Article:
Pet Allergies

By Mike Mathews

Many people are allergic to the family pet and research has shown that people are allergic to cats about twice as frequently as dogs. Getting rid of the beloved family pet is usually not an option. Therefore we have to learn how to live with our allergies by learning how to manage them. Most people think that allergies are caused by cat or dog hair but that is not really the problem. Allergic reactions are caused by proteins called allergens that come from oil glands in the skin and are shed as dander allergens. Allergens are also found in the saliva and urine of cats and dogs. Allergens are very pervasive and cling to clothes, furniture fabric and shoes. Cat allergens have been found in houses many months after the cat has departed and have also been found many houses of people that never owned a cat. Dander allergens are really dead skin cells that can be transferred to your pet’s fur when they clean and lick themselves. A major problem for individuals predisposed to allergies occurs when they inhale airborne pet dander allergens. Allergic reactions result when minute particles of dander fool our immune systems into thinking that the dander is an invading antibody. Our immune system releases histamines to fight the ‘dander’ antibody which results in the familiar sneezing, coughing, runny nose, itching eyes and difficult breathing. The first exposure to an allergen doesn’t usually trigger symptoms and it takes multiple exposures over a period of weeks or months to produce full blown reactions. So how do we cope or manage the situation so that we can live with our cat or dog?

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We can first find out if we are really allergic to the family pet, or something else like dust, pollen or mold, by visiting an allergist physician and getting tested for various allergens. If your allergic reactions are severe then the allergist may recommend allergy shots to desensitize your reaction to dander allergens. Next you can try and allergen proof your home by getting rid of your carpets and replacing your curtains with vertical blinds. Easily washed surfaces can eliminate a lot of dander allergens. If you have wall-to-wall carpeting then have it steam cleaned fairly often. If possible install air cleaners and air filters and vacuum often with a vacuum cleaner with a high allergen containment rating. Restrict your pet’s access to your bed and bedroom and try to keep pets off the chairs and sofa that you regularly use. Try to minimize the dander allergens on your pets by washing them weekly with a special moisturizing allergy shampoo. Obviously, it is easier to do with a dog than a cat. Wash your hands frequently when playing with or grooming your pet. Try spraying your pet’s coat with an anti-allergy spray that helps eliminate allergens. Try to groom your pet frequently as the combing and brushing will help stimulate a healthy skin. Try and do the grooming outside your house and if possible get someone else to do the grooming. If it isn’t possible then wear rubber gloves and a mask to reduce your exposure to the dander. Finally, if you are getting a new cat or dog, you may want to try and get a breed that produces less dander. All pets produce some dander – even the so-called hypoallergenic pure-bred and hybrid designer breeds. Smaller pets produce less dander than larger pets. Light-colored and short haired cats seem to produce less dander. In dogs, many of the non-shedding or low-shedding breeds may also produce less dander. See the Dog Allergies section of for a list of dog breeds that should produce less dander.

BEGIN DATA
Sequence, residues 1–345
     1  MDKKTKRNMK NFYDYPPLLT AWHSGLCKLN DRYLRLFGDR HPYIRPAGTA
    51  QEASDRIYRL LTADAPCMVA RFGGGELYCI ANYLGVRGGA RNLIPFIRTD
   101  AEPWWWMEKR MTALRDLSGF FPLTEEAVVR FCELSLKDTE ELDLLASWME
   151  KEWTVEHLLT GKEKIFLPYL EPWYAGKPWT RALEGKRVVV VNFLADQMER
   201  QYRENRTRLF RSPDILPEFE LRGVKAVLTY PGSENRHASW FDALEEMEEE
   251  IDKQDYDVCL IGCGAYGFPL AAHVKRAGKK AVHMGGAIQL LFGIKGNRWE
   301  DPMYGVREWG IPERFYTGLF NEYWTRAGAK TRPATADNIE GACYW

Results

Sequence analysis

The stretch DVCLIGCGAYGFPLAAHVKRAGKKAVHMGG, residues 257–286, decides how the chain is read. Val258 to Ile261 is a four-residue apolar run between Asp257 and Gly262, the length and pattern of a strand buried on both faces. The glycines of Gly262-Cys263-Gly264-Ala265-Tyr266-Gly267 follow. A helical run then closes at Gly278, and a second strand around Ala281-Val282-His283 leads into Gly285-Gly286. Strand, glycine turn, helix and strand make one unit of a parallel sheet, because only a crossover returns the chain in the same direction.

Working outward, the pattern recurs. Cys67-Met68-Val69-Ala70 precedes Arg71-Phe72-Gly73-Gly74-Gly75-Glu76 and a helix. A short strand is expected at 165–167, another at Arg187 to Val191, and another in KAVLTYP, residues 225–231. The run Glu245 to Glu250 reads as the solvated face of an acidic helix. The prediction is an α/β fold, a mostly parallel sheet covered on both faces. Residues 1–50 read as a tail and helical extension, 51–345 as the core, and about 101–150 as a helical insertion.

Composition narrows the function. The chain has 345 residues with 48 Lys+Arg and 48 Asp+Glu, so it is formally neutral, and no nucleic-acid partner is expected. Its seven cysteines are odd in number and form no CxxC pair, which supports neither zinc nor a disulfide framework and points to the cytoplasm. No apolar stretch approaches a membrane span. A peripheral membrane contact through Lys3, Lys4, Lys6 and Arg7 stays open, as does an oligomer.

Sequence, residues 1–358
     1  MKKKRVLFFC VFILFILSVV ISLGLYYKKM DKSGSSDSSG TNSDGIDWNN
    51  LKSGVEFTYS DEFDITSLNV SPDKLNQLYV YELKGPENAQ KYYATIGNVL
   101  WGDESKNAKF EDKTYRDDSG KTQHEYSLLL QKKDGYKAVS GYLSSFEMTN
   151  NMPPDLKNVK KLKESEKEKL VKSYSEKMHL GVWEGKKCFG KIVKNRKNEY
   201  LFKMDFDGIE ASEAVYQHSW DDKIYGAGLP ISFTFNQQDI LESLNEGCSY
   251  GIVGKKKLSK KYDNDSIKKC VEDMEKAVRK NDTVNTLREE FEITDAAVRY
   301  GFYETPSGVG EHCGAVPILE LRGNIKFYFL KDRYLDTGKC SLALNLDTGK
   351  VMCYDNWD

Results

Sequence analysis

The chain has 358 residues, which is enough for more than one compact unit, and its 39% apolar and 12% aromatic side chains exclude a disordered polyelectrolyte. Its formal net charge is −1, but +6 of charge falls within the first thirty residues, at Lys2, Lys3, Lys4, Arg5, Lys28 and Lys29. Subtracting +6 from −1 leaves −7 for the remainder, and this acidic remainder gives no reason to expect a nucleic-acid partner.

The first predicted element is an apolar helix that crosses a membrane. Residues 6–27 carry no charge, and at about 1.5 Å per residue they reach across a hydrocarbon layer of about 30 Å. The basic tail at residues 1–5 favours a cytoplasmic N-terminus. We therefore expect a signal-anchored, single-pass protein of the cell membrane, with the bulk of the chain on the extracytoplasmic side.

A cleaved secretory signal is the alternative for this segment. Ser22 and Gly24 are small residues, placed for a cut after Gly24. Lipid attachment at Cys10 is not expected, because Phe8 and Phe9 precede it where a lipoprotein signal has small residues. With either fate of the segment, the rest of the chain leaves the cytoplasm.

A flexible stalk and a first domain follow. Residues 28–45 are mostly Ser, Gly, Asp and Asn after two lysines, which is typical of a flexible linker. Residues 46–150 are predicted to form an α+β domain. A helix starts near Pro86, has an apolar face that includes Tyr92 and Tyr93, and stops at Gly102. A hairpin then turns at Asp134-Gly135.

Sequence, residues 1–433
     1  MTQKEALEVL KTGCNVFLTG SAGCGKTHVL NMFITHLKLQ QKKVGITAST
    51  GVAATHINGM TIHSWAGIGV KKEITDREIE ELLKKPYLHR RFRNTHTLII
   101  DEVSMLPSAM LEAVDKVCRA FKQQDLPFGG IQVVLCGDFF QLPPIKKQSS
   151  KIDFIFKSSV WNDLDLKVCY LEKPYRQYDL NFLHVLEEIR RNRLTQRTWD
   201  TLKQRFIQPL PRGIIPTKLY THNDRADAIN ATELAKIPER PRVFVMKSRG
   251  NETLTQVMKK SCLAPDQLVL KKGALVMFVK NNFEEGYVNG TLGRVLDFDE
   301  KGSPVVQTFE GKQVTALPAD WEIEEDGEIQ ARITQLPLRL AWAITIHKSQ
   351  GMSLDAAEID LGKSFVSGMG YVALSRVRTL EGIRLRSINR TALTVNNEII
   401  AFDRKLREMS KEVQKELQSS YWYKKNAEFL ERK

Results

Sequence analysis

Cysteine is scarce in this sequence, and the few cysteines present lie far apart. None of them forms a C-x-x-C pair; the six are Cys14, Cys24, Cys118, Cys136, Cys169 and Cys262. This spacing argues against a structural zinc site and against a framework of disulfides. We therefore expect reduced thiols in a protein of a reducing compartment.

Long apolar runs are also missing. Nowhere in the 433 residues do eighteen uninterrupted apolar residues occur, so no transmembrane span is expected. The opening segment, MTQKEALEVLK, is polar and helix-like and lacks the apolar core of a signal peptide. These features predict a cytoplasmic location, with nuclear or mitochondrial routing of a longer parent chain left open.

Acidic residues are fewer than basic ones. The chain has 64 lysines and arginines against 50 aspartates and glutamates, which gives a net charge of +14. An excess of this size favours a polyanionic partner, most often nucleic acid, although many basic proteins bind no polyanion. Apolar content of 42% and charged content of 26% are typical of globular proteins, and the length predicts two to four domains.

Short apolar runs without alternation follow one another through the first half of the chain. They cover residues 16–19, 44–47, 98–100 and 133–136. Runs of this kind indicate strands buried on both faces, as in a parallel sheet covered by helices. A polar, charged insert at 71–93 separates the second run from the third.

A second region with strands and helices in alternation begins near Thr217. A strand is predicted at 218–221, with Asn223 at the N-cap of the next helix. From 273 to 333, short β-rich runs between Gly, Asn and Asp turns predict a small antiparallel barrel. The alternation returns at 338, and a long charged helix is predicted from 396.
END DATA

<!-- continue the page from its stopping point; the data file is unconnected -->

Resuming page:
About the Author: Mike Mathews is an editor and regular contributor to the popular dog breed information site . He recently added a new section on

Dog Allergies

that shows allergy sufferers how to cope with their allergic reactions to dogs – which can be found at


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